BAckdrops and light kits

Discussion in 'Photography Beginners' Forum' started by RumDaddy, Jun 22, 2009.

  1. RumDaddy

    RumDaddy TPF Noob!

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    Heres what I think I want... Two softbox slave lights with a modeling light. And possibly a hair light.

    #1. Which one should I get?

    Steve Kaeser Backgrounds & Accessories

    #2. On a 1 -10 scale how important is a boom light/hair light?

    #3. What are the pros and cons of continuous light compared to a strobe.

    If ya dont have time to answer all 3 just help out with what ya can. I appreciate it.

    PS! Im starting off with shooting senoirs and babys. Just learning or experimenting on friends and family.
     
  2. Big Mike

    Big Mike I am Big, I am Mike Staff Member Supporting Member

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    It depends. When shooting against a dark background with a dark haired model, it's much more important than when shooting a light haired model. This is because you usually want to create some separation rather than having it look like your model is blending into the background. You don't need a boom stand for this, it can usually be done with a light on a high light stand placed behind the model. A boom can be handy for when you want a light right above you model, which might be to accent the hair or when it's impractical to hit all the people in a group with a hair light from behind.

    This is, by far, the most important questions you have asked in this thread. There can be a huge difference between continuous lighting and strobes when shooting people. In a nutshell; shooting with continuous lighting is just like shooting outdoors....you need to be concerned with your aperture and shutter speed....and when light levels get low, shutter speed can really start to be an issue. If it's too slow, you can get blur from camera and/or subject movement...and people always move, kids especially. Sure, you can turn up the ISO to get faster shutter speeds, but that can mean more noise and that's probably not what you want from 'studio' photography.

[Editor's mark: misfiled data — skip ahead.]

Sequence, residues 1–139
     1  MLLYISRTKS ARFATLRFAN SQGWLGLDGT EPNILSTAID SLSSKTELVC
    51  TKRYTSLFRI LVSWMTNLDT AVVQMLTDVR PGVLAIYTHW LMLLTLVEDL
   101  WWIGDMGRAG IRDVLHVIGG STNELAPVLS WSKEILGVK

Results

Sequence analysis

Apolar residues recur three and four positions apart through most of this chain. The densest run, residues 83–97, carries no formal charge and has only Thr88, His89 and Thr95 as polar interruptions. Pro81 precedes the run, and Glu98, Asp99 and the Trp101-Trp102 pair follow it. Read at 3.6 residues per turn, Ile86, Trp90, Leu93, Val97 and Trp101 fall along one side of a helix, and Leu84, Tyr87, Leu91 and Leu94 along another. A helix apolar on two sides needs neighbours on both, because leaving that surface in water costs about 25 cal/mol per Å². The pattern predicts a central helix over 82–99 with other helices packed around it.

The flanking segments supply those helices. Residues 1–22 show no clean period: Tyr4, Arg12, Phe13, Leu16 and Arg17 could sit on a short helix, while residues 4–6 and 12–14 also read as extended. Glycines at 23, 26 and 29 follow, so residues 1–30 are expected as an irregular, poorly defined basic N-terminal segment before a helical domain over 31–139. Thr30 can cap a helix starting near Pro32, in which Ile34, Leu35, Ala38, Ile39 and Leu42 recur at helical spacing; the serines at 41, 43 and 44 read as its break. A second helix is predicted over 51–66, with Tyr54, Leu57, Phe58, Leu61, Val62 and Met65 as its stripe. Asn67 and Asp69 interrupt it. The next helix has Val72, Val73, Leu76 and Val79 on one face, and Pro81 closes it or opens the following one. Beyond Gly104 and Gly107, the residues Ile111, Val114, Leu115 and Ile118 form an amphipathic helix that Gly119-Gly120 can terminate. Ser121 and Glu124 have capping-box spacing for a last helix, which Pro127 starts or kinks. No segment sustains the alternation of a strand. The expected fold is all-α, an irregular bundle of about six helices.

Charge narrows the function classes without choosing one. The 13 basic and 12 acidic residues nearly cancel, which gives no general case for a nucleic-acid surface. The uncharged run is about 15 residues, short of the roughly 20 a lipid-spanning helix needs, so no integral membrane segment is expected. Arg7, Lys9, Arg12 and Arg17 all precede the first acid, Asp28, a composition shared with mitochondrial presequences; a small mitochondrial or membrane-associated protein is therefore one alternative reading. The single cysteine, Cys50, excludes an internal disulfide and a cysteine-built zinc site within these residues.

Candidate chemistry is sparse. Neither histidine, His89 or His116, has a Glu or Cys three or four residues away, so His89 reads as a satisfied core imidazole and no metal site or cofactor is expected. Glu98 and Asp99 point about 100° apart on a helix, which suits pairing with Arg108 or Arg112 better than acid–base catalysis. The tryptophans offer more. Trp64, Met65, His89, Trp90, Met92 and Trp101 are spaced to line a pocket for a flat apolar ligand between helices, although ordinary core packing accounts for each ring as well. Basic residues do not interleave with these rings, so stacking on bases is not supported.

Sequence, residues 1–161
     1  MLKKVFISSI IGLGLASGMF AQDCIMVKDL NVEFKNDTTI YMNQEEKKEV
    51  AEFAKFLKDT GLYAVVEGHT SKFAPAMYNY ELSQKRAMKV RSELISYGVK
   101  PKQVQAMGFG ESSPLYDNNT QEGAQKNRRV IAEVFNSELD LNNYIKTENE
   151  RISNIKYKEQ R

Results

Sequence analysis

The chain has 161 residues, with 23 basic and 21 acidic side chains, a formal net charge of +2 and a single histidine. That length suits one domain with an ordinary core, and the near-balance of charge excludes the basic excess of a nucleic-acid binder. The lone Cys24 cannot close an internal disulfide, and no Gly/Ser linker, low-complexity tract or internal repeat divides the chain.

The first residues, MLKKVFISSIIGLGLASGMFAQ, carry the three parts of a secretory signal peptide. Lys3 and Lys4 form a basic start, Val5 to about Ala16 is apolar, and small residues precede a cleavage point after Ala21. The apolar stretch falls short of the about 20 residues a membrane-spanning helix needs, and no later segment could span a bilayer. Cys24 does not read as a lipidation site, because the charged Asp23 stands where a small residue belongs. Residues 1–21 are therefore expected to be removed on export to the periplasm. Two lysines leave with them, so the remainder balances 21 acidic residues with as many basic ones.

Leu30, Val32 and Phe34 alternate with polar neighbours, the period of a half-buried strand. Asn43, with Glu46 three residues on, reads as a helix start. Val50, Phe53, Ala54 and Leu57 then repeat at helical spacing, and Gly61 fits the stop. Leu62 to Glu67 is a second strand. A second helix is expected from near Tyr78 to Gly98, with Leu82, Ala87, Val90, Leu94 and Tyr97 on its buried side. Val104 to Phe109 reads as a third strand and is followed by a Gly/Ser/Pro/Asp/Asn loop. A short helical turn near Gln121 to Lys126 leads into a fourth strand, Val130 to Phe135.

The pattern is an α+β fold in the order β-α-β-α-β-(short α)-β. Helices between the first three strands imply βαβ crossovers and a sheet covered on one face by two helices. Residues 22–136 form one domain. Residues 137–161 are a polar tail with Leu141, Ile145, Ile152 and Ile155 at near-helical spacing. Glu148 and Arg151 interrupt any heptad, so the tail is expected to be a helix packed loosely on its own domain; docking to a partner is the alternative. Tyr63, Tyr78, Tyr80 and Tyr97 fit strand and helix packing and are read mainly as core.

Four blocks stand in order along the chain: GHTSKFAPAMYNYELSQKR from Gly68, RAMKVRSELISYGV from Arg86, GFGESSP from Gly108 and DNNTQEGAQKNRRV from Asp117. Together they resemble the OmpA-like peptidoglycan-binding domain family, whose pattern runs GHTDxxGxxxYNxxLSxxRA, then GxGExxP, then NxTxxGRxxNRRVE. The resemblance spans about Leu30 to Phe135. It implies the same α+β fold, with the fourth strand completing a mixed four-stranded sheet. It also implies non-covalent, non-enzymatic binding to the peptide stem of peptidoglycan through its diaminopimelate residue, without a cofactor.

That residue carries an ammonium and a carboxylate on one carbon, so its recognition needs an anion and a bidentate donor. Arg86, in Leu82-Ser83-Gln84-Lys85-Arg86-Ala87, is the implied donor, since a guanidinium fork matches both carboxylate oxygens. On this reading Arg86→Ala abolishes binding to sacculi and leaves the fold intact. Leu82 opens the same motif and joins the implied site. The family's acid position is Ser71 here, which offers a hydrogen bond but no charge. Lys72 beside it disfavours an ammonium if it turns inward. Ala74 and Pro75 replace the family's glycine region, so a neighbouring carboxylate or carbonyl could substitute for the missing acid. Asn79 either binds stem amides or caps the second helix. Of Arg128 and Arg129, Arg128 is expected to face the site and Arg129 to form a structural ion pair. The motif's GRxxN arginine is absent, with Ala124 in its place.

When shooting with strobes, on the other hand, you don't really have to be concerned with the shutter speed besides making sure it syncs with the flash burst. The flash will freeze the movement, giving you nice sharp images. Also, with enough flash power, you can use smaller apertures if required, thus giving you control of your DOF.

    On the flip side, metering and visualizing your shot with strobes is a little harder than with continuous lighting.
     
  3. RumDaddy

    RumDaddy TPF Noob!

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    Thanks Mike, I was warned that with continuous light your concern is blurry images, especially when shooting kids cuz they tend not listen to the "STAND STILL" instructions.

    Ive also read that using a different color back drop can help with the seperation between hair and the backdrop. Its simple, make sure your subjects hair and the backdrop dont match. Well, Im sure theres alot more to it, but thats a good way to start.
     
  4. c.cloudwalker

    c.cloudwalker TPF Noob!

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    #3: